What began with students bonding over their love of super heroes turned into a community engagement initiative that brings smiles to Houstonians.
Cosplay for Kids was founded by University of Houston-Downtown (UHD) students (and sisters) Abigail and Milimar Murillo along with some friends who found each other through a website devoted to comics and costumed characters. Both sisters already were fans of characters like Wonder Woman. Once united with other UHD students and similar-minded friends, they decided to literally become super heroes and help children.
Cosplay for Kids took flight last year with the Murillo sisters and others donning costumes and visiting Houstonians in need. Milimar Murillo plays Wonder Woman while Abigail Murillo is Supergirl. Fellow UHD students in Cosplay for Kids include Jocelyn Gutierrez as Spider-Girl and Dennys Reynoso as Ms. Captain America.
This weekend, Cosplay for Kids brought smiles to the faces of families at Walk with Me, a 5K and Family Fun Walk at the Houston Zoo. The event raised awareness for Easter Seals, which helps children and adults with disabilities. The Murillo sisters and the rest of the group were there in costume taking photos with children and leading arts and crafts activities. Joining Cosplay for Kids was Joshua Reynolds (as Superman), adjunct lecturer of social work.
“Our goal is to positively impact as many lives as we can, whether they’re children or adults,” said Abigail Murillo.
The Murillo sisters can relate to the children they visit. Both remember days when they needed a super hero to make them smile. They both spent time growing up in a women’s and children’s shelter, so they are aware of the importance of having a friendly face to cheer them up.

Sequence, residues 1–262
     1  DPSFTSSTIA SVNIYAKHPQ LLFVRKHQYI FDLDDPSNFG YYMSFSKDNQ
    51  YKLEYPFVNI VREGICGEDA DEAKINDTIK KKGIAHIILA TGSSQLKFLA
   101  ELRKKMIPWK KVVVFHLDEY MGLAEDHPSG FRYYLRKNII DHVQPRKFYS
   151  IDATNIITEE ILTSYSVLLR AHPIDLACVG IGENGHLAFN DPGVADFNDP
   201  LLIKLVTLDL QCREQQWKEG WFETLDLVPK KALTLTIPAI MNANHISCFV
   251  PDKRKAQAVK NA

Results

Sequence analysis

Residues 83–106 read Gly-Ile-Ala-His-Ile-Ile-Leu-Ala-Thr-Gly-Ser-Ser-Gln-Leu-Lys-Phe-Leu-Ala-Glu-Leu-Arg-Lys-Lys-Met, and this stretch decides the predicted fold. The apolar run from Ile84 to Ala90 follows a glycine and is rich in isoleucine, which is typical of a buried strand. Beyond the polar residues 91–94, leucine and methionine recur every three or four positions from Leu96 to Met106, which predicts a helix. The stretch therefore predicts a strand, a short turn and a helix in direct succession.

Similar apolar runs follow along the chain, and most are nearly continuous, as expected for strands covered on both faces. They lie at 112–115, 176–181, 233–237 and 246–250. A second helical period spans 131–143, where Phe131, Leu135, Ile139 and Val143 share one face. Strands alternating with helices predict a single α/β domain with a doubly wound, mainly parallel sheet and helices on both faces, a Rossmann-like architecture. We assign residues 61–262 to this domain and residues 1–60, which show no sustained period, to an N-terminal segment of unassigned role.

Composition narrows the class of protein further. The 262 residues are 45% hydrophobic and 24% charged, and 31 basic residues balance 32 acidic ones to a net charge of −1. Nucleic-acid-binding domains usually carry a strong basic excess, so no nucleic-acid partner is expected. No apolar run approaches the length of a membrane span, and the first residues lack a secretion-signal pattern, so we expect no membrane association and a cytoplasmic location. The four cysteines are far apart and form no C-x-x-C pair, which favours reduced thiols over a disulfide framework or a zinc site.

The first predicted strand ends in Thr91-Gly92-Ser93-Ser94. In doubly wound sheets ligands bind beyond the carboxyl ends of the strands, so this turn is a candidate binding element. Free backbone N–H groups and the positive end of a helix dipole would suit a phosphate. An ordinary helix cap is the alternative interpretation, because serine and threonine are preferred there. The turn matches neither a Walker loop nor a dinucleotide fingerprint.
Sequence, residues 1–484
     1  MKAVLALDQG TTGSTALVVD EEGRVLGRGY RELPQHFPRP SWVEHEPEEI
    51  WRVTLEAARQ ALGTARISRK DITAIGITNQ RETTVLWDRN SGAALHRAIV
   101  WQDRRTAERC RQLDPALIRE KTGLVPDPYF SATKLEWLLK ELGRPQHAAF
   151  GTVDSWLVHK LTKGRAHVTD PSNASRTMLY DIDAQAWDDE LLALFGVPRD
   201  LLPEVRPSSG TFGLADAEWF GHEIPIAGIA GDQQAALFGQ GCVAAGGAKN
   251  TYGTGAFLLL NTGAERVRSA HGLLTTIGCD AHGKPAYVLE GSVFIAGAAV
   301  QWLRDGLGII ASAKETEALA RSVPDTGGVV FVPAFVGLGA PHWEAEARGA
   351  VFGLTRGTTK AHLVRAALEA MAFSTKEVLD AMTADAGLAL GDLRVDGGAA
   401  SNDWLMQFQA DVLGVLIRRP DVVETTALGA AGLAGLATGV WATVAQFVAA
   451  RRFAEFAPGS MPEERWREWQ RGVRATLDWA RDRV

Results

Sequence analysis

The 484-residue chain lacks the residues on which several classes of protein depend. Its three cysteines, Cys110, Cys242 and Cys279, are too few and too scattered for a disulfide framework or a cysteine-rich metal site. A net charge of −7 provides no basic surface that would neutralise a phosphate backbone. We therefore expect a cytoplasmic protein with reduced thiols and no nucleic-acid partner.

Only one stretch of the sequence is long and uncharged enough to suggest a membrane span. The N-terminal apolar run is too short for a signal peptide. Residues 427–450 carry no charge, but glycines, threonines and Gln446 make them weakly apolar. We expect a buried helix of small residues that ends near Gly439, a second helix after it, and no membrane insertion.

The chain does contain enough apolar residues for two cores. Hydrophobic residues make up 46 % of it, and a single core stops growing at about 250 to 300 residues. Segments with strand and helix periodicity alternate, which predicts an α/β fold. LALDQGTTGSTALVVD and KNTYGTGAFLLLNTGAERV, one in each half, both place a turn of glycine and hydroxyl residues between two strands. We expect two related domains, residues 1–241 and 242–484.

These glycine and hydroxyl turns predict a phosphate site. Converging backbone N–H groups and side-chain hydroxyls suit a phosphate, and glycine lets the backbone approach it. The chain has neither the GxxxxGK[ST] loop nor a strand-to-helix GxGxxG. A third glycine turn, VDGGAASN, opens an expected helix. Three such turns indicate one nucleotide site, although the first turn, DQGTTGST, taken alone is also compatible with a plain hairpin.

“We both remember how much the volunteers helped us,” Abigail Murillo said. “That inspired my social work major, as well as this organization.”
The nine-member organization has benefited from support from the University’s Center for Community Engagement and Service Learning (CCESL). The center awarded Cosplay for Kids with a grant that has helped members purchase art supplies and other items to use during visits with children.
Recently, the Murillo sisters and their super friends made an appearance at the Epilepsy Foundation’s Stroll for Epilepsy. Earlier this year, they visited The Mission of Yahweh, a homeless shelter for women and children. The group hopes to spread its good will to senior facilities and hospitals in Houston.
So, why cosplay? According to Abigail Murillo, appearances by Wonder Woman, Supergirl and other characters offer fun experiences to children and adults alike. Some of the people they have visited have severe mental or physical disabilities or are escaping from abusive homes, she said. They may not have many fun experiences in their lives, so Cosplay for Kids aims to fill that void.
“Visiting them in costume and bringing their heroes to life brightens their day,” she said. “And we try to be inclusive too. We bring activities for them, including creating masks, so they can realize that they’re heroes too.”